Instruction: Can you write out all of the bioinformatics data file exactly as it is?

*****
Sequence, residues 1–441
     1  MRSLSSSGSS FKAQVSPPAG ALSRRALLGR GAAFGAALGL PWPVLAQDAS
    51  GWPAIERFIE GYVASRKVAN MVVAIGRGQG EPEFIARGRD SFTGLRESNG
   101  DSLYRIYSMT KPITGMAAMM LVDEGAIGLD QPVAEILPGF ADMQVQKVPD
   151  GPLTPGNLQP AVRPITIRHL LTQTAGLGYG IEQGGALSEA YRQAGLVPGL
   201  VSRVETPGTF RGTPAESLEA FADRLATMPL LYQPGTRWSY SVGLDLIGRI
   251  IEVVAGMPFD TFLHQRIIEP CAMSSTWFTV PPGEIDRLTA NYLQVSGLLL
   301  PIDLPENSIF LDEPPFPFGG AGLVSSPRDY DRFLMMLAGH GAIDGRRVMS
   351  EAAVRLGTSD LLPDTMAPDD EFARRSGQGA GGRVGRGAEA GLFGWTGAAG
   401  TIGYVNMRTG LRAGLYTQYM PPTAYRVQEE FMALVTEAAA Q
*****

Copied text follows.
Sequence, residues 1–441
     1  MRSLSSSGSS FKAQVSPPAG ALSRRALLGR GAAFGAALGL PWPVLAQDAS
    51  GWPAIERFIE GYVASRKVAN MVVAIGRGQG EPEFIARGRD SFTGLRESNG
   101  DSLYRIYSMT KPITGMAAMM LVDEGAIGLD QPVAEILPGF ADMQVQKVPD
   151  GPLTPGNLQP AVRPITIRHL LTQTAGLGYG IEQGGALSEA YRQAGLVPGL
   201  VSRVETPGTF RGTPAESLEA FADRLATMPL LYQPGTRWSY SVGLDLIGRI
   251  IEVVAGMPFD TFLHQRIIEP CAMSSTWFTV PPGEIDRLTA NYLQVSGLLL
   301  PIDLPENSIF LDEPPFPFGG AGLVSSPRDY DRFLMMLAGH GAIDGRRVMS
   351  EAAVRLGTSD LLPDTMAPDD EFARRSGQGA GGRVGRGAEA GLFGWTGAAG
   401  TIGYVNMRTG LRAGLYTQYM PPTAYRVQEE FMALVTEAAA Q